[1] John Podesta, Todd Stern, and Kit Batten, “Capturing the Energy Opportunity: Creating a Low-Carbon Economy” (Washington: Center for American Progress, 2007), available at

[2] Green Biz Staff, “Green Products Help GE Weather Rough Economic Times”, October 22, 2008, available at

[3] DB Advisors, Deutsche Bank Group, “Investing in Climate Change 2009: Necessity and Opportunity in Turbulent Times” (Deutsche Bank 2008) available at

[4] DB Advisors, Deutsche Bank Group, “Economic Stimulus: the Case for “Green Infrastructure, Energy Security, and “Green” Jobs” (Deutsche Bank 2008) available at

[5] HSBC Global Research, “The Green-Collar President” (HSBC 2008) available at

[6] Christian Weller and Amanda Logan, “From a Trickle to a Flood: The Sharply Accelerating Contraction of an Already Weak Labor Market” (Washington: Center for American Progress, 2008), available at

[7] Bureau of Labor Statistics, Latest Numbers, (Department of Labor, 2009), available at

[8] Christian Weller and Amanda Logan, “From a Trickle to a Flood: The Sharply Accelerating Contraction of an Already Weak Labor Market.”

[9] Rich Miller, “Engines of Recovery Flame Out as Economy Seeks Obama-Fed Rescue,” Bloomberg, January 5 2008, available at

[10] Robert Pollin, Heidi Garrett-Peltier, James Heintz, and Helen Scharber, “Green Recovery” (Washington: Center for American Progress, 2008), available at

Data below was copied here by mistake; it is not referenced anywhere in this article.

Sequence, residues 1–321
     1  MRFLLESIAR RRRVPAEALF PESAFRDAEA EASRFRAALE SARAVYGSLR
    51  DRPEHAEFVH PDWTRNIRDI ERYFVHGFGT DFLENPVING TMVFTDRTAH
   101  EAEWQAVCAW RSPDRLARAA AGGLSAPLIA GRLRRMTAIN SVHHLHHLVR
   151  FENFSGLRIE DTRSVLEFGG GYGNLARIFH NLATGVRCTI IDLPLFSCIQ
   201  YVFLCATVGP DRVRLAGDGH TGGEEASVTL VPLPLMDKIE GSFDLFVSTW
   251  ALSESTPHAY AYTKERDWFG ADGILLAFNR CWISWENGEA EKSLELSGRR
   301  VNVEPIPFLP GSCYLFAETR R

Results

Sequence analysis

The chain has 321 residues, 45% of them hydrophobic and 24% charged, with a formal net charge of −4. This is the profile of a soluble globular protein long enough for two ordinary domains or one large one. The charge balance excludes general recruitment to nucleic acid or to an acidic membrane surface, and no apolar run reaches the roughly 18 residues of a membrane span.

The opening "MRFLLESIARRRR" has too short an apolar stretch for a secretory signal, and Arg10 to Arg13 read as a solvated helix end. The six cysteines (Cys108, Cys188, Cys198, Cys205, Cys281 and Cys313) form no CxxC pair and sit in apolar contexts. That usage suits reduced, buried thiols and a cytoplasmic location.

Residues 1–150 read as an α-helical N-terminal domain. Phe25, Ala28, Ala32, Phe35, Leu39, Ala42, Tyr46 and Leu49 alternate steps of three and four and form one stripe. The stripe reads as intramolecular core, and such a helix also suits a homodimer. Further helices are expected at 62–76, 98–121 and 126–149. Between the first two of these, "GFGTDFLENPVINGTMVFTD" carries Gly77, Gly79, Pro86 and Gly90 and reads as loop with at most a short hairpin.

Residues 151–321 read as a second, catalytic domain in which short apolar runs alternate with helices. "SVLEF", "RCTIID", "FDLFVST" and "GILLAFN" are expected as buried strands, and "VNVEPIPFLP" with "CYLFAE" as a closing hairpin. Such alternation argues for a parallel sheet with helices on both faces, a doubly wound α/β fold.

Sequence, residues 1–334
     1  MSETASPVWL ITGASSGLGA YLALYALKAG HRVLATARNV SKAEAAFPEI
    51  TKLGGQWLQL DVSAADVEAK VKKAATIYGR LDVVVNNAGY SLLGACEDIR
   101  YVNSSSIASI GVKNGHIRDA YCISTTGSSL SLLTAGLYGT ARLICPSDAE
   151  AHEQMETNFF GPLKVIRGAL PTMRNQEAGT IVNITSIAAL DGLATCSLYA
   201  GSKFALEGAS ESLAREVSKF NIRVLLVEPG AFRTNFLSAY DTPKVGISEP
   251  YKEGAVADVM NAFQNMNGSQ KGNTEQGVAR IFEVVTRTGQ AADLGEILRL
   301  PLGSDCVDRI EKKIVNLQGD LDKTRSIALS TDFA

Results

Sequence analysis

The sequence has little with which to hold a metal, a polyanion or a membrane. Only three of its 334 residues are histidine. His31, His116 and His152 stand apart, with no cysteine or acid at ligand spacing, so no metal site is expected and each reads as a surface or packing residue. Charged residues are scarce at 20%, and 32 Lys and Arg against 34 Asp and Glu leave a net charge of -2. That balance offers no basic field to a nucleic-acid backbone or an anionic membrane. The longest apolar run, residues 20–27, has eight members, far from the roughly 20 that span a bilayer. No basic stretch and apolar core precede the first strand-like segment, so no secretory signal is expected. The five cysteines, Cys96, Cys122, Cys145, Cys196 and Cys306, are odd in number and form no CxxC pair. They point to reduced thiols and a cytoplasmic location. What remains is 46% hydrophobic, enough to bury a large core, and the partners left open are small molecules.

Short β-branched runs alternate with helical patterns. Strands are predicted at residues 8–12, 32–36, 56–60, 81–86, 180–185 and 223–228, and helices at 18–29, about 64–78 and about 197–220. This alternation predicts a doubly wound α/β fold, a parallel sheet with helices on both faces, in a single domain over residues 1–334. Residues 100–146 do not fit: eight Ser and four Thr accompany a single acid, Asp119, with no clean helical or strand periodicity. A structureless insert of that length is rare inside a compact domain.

[11] Bracken Hendricks, Testimony before the Senate Committee on Energy and Natural Resources, December 10, 2008, available at:

[12] Bracken Hendricks, Testimony before the Senate Committee on Energy and Natural Resources, December 10, 2008, available at:

[13] Energy Information Administration, Weekly U.S. Regular All Formulations Retail Gasoline Prices, (Department of Energy, 2009) available at

[14] Paul Davidson, “Price jolt: Electricity bills going up, up, up,” USA Today, June 20, 2008, available at

[15] Energy Information Administration, Short Term Energy Outlook, (Department of Energy, 2008), available at

[16] Amanda Logan and Christian Weller, “Pain in the Gas: Volatile Gas Prices Wreak Havoc on Household Financial Planning” (Washington: Center for American Progress, 2007), available at

[17] Robert Pollin, Heidi Garrett-Peltier, James Heintz, and Helen Scharber, “Green Recovery” (Washington: Center for American Progress, 2008), available at

[18] Kit Batten and Jake Caldwell, “Energy Diversity Dividends: Biofuels Lower Oil Prices” (Washington: Center for American Progress, 2008), available at

[19] Federal Highway Administration, October 2008 Traffic Volume Trends, (Department of Transportation, 2008), available at

[20] Energy Information Administration, Short Term Energy Outlook, (Department of Energy, 2008), available at

[21]  John Podesta, Todd Stern, and Kit Batten, “Capturing the Energy Opportunity: Creating a Low-Carbon Economy” (Washington: Center for American Progress, 2007), available at

[22] Energy Information Administration, World Proved Reserves of Oil and Natural Gas, Most Recent Estimates, (Department of Energy, 2008), available at

[23] Marsha Walton, “Countries in tug-of-war over Arctic resources,” CNN, January 2, 2009, available at

[24] Alice Madden, “The Oil Shale Promise: A Trillion Tons Of Tater Tots” (Washington: Center for American Progress, 2008) available at

[25] Kit Batten and Kari Manlove, “Identifying Hurdles to Renewable Electricity Transmission” (Washington: Center for American Progress, 2008) available at

[26] John Podesta, Todd Stern, and Kit Batten, “Capturing the Energy Opportunity: Creating a Low-Carbon Economy” (Washington: Center for American Progress, 2007), available at

[27] Ibid.

[28] Ibid.

[29] Frank Ackerman and Elizabeth A. Stanton, “What We’ll Pay if Global Warming Continues Unchecked,” (Washington: Natural Resources Defense Council, 2008), available at